The thrust of the evidence before the Arbitrator is that in fact the grievor found himself responsible for an assignment which was more than he could handle. The grievor has worked for many years as a track maintenance foreman. His duties, however, were generally restricted to overseeing much smaller groups of employees, generally in section gangs of three to five individuals. He also had little, if any, experience as an extra gang foreman and had never been responsible for a track maintenance force of the size to which he was assigned at Fort Langley, British Columbia in April of 2003. It does not appear disputed that the responsibilities given to the grievor were at the degree of responsibility of a Level III Foreman, whereas he had traditionally been assigned at a level of responsibility below Level I. On the whole, the Arbitrator is satisfied that it was plainly an error on the part of the grievor to attempt to undertake the responsibilities of the job at Fort Langley, although I am also satisfied that the Brotherhood is correct in its assertion that the permanent demotion of the grievor was excessive in the circumstances.

On the basis of the evidence I am satisfied that the grievor did render himself liable to discipline for his failure to observe safety practices, both when he was without safety glasses himself, and when he jumped from a piece of equipment, thereby causing himself an injury. I am also satisfied that the Company was justified in coming to the conclusion that he should be removed from the assignment at Fort Langley, although that could and should have been done by reassignment rather than by a permanent demotion.

A permanent demotion is tantamount to a conclusion that the grievor is unfit to work as a foreman in any foreman's assignment which his seniority might allow him to successfully bid. As the record indicates, the grievor has had no difficulty discharging the obligations of a foreman in the less onerous circumstances of an assignment which falls below the rank of a Level I foreman. It is difficult for the Arbitrator to see on what basis he should be deprived of the ability to function as a foreman at that level by reason of his inability to discharge the obligations of a Level III foreman particularly in light of the fact that he has over twenty-five years of service with the Company, twenty-three of which has been at the rank of track maintenance foreman.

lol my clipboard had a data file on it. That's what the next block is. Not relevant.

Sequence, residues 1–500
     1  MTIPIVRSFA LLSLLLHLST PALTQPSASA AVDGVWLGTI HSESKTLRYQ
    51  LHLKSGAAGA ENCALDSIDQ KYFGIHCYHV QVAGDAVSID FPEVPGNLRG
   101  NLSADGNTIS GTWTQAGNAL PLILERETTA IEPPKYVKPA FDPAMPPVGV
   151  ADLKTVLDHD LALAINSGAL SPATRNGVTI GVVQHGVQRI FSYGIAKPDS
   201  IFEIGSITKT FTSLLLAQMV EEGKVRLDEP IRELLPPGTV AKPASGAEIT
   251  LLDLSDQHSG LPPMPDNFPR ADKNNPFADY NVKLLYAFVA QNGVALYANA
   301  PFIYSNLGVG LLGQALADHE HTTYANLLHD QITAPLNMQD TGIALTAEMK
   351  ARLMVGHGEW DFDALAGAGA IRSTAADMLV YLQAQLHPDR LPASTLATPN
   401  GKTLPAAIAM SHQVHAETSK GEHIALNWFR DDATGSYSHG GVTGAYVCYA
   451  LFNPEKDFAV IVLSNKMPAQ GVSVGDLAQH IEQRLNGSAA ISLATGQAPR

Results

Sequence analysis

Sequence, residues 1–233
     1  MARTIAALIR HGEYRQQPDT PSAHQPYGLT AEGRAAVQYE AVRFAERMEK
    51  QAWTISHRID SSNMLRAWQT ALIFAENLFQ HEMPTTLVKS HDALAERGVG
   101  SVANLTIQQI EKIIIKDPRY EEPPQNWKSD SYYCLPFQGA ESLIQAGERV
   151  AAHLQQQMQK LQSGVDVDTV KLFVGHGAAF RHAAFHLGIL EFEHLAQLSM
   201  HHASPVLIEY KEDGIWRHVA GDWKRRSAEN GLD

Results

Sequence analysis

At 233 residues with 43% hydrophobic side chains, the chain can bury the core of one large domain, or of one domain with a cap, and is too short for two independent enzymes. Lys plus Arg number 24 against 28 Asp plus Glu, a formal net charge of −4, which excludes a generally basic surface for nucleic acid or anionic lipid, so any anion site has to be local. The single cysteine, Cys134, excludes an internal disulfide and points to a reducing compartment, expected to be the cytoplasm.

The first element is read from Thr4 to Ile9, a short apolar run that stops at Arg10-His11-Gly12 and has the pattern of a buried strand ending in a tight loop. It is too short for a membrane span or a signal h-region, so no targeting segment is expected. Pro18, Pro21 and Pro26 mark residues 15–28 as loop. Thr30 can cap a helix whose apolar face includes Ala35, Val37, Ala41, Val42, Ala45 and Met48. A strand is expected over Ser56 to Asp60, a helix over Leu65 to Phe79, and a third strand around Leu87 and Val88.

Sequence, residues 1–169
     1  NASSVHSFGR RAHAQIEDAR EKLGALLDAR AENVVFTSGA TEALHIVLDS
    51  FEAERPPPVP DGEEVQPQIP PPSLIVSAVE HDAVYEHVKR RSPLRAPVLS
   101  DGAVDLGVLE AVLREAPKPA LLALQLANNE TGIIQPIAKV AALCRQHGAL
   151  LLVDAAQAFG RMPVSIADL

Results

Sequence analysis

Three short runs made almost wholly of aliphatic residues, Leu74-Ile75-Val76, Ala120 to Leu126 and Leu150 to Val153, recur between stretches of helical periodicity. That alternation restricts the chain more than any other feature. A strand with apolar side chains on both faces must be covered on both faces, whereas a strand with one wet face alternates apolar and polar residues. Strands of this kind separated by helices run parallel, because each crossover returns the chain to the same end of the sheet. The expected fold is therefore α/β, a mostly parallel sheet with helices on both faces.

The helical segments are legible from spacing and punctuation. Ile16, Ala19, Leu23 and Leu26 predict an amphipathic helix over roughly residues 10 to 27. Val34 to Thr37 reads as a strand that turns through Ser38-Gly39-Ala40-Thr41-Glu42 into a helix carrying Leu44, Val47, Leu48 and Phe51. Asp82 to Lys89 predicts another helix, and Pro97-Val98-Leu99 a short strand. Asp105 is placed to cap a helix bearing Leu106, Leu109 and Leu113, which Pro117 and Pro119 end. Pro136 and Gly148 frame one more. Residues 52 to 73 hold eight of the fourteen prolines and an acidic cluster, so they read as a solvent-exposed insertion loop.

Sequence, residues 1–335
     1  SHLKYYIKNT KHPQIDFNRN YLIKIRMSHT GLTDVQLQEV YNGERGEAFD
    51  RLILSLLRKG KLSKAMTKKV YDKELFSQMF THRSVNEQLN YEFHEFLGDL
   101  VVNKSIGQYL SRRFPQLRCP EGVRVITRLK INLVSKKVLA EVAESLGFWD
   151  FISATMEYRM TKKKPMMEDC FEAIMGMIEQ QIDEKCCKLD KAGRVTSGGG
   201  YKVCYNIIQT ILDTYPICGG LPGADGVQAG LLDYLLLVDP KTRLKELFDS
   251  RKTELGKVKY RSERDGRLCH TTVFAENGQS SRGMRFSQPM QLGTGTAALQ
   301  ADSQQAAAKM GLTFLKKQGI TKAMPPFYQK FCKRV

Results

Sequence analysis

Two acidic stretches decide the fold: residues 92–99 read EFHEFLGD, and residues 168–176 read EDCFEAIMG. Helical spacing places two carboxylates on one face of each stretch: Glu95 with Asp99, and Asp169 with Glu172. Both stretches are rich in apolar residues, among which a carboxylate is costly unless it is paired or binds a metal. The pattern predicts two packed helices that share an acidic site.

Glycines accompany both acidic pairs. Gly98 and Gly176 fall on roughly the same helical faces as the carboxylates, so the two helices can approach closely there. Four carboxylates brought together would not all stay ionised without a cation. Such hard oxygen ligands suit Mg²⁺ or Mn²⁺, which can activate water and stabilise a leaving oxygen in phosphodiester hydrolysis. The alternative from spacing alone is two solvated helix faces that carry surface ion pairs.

In the circumstances the Arbitrator is satisfied that it is appropriate to make a substitution of penalty. Firstly, the grievor shall be subject to a suspension of two weeks for the three items listed within the form 780 issued against him on July 2, 2003. In that regard the Arbitrator is satisfied that the Company has established the elements described therein, and is not persuaded otherwise by the tabling of a handwritten document purporting to show compliance with rule 42, a document never provided to the Company until the arbitration hearing. As noted above, however, I am satisfied that the grievor should not have been subject to a permanent demotion from the rank of foreman. A more appropriate response would have been for the Company to determine that he was unqualified for the Level III responsibility and to reassign him at the level of responsibility which he occupied before he bid onto the vacancy at Fort Langley, with a restriction against his being able to bid onto work with the responsibility of a Level III foreman's position. It was not, however, necessary for the Company to deprive the grievor of the earnings which he would have received at a lower level of foreman's responsibility.

The Arbitrator therefore directs that the grievor be compensated for the loss of earnings which he would have made at the lower level of foreman's responsibility which he occupied prior to his transfer to Fort Langley, for the period of time between his permanent demotion and the date of his being restored to that earlier rank. Should there be any disagreement between the parties concerning the interpretation or implementation of this award, the matter may be spoken to.

July 20, 2004 (signed) MICHEL G. PICHER